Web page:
Zen Yoga classes are friendly and fun. All ages and abilities are welcome to any class, especially beginners. Using yoga postures, qigong - ancient energy work working the meridian lines, breathing techniques, mindfulness, and meditation this yoga will allow you to feel relaxed and energized. You will find that zen yoga is dynamic and restorative.
Leave yourto-do lists behind, don't worry about the future and enjoy being present. Please book ahead, though not necessary. Space can be limited and class sizes are often kept small purposely.
For regular students, if there is something you would specifically like to learn and cover in class, please let me know. Common topics are yoga for back pain, and other types of chronic pain, yoga for better sleep, yoga for stress and anxiety.
Zen Yoga is an ancient energy system from East Asia.
Many people don't know there are so many styles of yoga. Even laughter yoga! Zen yoga is very new to the west; it's only been around for about 10 years. Hatha, Vinyasa Flow and other Indian styles of yoga often focus on building outward...outward from the body where Zen Yoga focuses inward. The 'cornerstones' of Zen are mindfulness, energy, and alignment. In all Zen Yoga classes, we do qigong, ancient Chinese energy work, which is much older than Tai Chi.
Qigong is known as China's 3000-year-old system of self-healing. Qigong (and zen) have nothing to do with religion. Qigong is a form of continuous movements that focus the breath, helps people with mental clarity while they focus on being present. It gets you out of your head - thinking of how your day went, stresses you may have and worries over the future.
It doesn't matter your shape, fitness or flexibility. It's about taking a break from the stresses of life, from the past and from what may happen in the future. It's about the present moment. It's all we've got! We can't change a lot of things in life but we can change how we approach each moment.
ORIGINS OF ZEN YOGA
I'm often asked about this and it's a fascinating story.
Zen Yoga was brought to the west by the Zen Master Daizan Roshi. Daizan was the first English man to achieve the status of Zen Master in the rigorous Rinzai tradition. So who is this Zen Master responsible for bringing positive change to so many people's lives?
Julian Skinner was born in Chatham, UK and went on to be a scientist. During this time he began studying Sōtō Zen under Rev. Master Daishin Morgan at Throssel Hole Buddhist Abbey in Northumberland in northern England. Given permission to enter full-time monastic training as a postulant in 1989, he was ordained as an unsui or novice monk on April 4, 1991.
Within Zen monastic society, the hierarchy is all-pervading and rigid. For the first seven years, Daizan lived in the zendo, the meditation hall, with three by six feet of space on the meditation platform and two cupboards, one for bedding and one for robes. Daizan Rōshi reflects: "As junior monks, we were almost never alone. Every action 24 hours a day was expected to be obedient to instructions, undertaken mindfully and with consideration for others. The monastery is a pressured environment. The image used to exemplify it was the rock tumbler; the months and years of living cheek by jowl gradually smooth off all the rough corners so that each monk becomes a polished jewel.” He received dharma transmission on December 21, 1995.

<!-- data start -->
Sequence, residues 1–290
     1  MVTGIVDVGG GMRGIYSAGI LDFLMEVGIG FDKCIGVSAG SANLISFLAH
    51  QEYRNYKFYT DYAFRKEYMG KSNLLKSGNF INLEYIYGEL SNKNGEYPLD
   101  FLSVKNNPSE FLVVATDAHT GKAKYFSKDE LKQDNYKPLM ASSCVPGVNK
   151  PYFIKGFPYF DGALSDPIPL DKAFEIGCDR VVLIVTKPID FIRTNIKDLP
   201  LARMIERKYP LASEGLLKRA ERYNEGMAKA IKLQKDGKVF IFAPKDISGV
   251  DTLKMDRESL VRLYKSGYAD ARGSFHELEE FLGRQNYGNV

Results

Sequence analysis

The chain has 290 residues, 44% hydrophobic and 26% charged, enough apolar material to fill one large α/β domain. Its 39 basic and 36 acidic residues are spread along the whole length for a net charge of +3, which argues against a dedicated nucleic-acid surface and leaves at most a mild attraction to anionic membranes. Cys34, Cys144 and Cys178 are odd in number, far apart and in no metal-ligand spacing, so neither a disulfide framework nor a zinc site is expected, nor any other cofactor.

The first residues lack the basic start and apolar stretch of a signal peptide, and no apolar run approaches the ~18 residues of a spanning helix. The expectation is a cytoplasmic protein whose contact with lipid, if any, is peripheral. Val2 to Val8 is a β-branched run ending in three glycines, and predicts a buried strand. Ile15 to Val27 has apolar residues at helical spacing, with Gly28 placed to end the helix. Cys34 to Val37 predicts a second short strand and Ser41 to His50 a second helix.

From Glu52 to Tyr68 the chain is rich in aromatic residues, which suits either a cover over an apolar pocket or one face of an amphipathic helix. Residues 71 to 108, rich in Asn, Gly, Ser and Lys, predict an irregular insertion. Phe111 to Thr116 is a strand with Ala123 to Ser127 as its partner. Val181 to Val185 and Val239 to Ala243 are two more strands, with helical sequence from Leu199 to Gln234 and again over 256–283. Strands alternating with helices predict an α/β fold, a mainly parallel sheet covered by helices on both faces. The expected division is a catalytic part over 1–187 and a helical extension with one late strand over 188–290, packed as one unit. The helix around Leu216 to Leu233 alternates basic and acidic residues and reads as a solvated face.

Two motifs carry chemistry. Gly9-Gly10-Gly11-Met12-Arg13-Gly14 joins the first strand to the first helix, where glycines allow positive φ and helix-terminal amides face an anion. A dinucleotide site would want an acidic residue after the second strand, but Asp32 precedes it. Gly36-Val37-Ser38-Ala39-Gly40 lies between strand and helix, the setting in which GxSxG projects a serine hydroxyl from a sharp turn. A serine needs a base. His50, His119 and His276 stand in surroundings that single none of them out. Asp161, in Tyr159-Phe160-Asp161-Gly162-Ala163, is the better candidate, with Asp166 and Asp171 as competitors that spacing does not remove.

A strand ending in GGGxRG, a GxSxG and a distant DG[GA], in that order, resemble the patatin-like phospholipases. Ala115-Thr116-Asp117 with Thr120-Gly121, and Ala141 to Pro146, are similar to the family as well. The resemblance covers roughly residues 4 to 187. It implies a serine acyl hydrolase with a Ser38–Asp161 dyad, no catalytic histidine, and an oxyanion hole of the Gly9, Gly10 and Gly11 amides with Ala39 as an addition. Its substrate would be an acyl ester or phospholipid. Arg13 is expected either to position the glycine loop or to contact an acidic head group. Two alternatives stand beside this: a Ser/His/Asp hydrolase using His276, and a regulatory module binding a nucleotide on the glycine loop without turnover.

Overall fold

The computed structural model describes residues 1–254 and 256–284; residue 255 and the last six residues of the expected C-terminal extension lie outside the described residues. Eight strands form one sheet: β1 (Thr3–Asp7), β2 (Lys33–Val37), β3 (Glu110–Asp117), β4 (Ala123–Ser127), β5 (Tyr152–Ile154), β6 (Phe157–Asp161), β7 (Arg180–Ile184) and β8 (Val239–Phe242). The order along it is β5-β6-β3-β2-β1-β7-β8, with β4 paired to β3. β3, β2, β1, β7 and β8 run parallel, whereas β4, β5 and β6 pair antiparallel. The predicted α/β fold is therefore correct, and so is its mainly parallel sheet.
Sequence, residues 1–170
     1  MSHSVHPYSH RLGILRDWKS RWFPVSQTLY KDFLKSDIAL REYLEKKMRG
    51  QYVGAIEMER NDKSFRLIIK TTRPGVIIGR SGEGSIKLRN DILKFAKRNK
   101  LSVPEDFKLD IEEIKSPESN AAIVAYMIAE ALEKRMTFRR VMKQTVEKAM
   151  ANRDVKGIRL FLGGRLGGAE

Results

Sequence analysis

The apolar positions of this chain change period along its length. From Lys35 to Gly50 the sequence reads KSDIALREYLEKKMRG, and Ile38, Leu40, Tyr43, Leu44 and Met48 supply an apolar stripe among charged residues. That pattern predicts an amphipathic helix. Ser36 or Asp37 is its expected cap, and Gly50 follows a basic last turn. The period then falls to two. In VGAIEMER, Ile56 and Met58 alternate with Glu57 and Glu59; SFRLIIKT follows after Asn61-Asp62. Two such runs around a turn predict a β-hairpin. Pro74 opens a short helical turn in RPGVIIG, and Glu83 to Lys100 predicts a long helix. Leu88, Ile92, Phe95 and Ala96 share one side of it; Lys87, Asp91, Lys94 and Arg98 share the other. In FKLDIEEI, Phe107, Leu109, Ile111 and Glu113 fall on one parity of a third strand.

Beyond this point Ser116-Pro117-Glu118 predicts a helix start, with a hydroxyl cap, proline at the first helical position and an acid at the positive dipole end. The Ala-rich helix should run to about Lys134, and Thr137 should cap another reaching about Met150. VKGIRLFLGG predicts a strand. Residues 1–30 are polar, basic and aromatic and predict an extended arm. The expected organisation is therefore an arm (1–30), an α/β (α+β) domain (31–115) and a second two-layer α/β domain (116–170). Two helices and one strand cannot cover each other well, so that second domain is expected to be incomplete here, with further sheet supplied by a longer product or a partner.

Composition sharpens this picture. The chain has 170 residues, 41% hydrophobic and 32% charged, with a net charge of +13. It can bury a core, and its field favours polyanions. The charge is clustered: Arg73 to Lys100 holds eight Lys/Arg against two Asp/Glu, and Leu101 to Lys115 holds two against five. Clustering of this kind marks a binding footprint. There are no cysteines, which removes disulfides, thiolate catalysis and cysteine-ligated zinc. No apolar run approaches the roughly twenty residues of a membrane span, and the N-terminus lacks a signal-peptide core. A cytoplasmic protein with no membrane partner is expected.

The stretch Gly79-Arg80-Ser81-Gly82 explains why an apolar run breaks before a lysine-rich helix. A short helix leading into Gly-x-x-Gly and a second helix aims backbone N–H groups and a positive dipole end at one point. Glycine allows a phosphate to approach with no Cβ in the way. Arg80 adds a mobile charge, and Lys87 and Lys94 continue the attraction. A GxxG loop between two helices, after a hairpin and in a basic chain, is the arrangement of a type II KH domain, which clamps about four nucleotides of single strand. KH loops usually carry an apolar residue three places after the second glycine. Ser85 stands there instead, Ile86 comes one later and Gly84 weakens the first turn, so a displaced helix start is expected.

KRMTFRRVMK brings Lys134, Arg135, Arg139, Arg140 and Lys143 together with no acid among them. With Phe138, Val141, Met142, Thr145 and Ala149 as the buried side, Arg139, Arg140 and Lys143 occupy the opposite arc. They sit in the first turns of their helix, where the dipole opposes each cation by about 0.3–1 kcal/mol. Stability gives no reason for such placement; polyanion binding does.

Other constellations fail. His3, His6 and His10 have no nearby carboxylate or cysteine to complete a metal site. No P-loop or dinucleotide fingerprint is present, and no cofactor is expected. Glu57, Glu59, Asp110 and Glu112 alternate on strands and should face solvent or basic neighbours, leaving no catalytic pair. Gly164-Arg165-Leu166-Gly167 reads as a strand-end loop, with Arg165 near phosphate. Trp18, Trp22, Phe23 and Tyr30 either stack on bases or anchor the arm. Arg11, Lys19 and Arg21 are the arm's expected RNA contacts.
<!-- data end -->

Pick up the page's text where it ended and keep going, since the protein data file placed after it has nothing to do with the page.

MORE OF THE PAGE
Shinzan Rōshi, something of a maverick in the modern Zen world, intended the tiny temple to provide a basis of true Zen training outside the Rinzai mainstream which has become increasingly focused on providing high-price funerals. Daizan eventually became fukujushoku, vice-abbott, continued his study of zazen and zen yoga and studied the kōan curriculum of the Mino branch of the Inzan lineage of Rinzai Zen, completing it in 2007.
On May 8, 2007, Daizan received inka from Shinzan Rōshi. He returned to the UK to begin teaching Zen.
On midsummer morning June 21, 2007 Daizan Rōshi began a walk from the south tip of the Isle of Wight to the northern tip of Scotland. Wearing his monastic robes and kasa (hat) and carrying no money, Daizan Rōshi walked up the centre of the island of Britain finishing on Cape Wrath at the north of Scotland. The 777-mile walk took 64 days.
On 28 May 2011, he was installed as resident teacher at Yugagyo Dojo (Zen Yoga Camberwell) in London. The event was presided over by Shinzan Rōshi. He has served as a resident teacher at the Buddhist Society in London and is an appointed trainer with the College of Mindful Clinicians. He has been involved in Zen teaching at Oxford University and is particularly involved in the “Managing Your Mind” programme of postdoctoral study.
In March 2015 Daizan Rōshi, together with co-translator Sumiko Hayashi, published the book "In Heaven's River: Poems and Carvings of Mountain-Monk Enku", a tribute to the life and art of Enkū, the 17th century Japanese itinerant wonder-working mountain monk, sculptor, and poet. In July 2015, he published the book "The Zen Character: Life, Art and Teachings of Zen Master Shinzan Miyamae" to coincide with Shinzan Rōshi's 80th birthday and an exhibition of his calligraphy in London. In June 2017, Singing Dragon Press published Daizan's third book "Practical Zen: Meditation and Beyond".